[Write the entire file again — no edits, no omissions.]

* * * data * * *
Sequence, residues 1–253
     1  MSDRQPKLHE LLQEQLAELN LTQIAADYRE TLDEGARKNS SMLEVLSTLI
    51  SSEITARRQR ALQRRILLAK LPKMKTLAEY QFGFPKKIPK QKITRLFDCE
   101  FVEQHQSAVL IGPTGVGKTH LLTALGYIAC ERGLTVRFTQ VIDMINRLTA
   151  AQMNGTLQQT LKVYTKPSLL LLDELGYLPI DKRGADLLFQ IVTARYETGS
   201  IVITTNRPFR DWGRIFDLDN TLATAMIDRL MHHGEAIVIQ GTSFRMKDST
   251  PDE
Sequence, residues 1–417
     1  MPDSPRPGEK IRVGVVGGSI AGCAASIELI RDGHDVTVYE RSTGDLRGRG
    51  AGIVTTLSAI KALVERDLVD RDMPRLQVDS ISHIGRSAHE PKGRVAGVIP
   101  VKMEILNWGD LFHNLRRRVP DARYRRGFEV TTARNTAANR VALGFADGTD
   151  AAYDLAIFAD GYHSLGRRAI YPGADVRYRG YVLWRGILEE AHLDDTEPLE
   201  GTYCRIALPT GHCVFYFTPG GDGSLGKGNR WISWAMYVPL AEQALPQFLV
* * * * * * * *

Sequence, residues 1–253
     1  MSDRQPKLHE LLQEQLAELN LTQIAADYRE TLDEGARKNS SMLEVLSTLI
    51  SSEITARRQR ALQRRILLAK LPKMKTLAEY QFGFPKKIPK QKITRLFDCE
   101  FVEQHQSAVL IGPTGVGKTH LLTALGYIAC ERGLTVRFTQ VIDMINRLTA
   151  AQMNGTLQQT LKVYTKPSLL LLDELGYLPI DKRGADLLFQ IVTARYETGS
   201  IVITTNRPFR DWGRIFDLDN TLATAMIDRL MHHGEAIVIQ GTSFRMKDST
   251  PDE
Sequence, residues 1–417
     1  MPDSPRPGEK IRVGVVGGSI AGCAASIELI RDGHDVTVYE RSTGDLRGRG
    51  AGIVTTLSAI KALVERDLVD RDMPRLQVDS ISHIGRSAHE PKGRVAGVIP
   101  VKMEILNWGD LFHNLRRRVP DARYRRGFEV TTARNTAANR VALGFADGTD
   151  AAYDLAIFAD GYHSLGRRAI YPGADVRYRG YVLWRGILEE AHLDDTEPLE
   201  GTYCRIALPT GHCVFYFTPG GDGSLGKGNR WISWAMYVPL AEQALPQFLV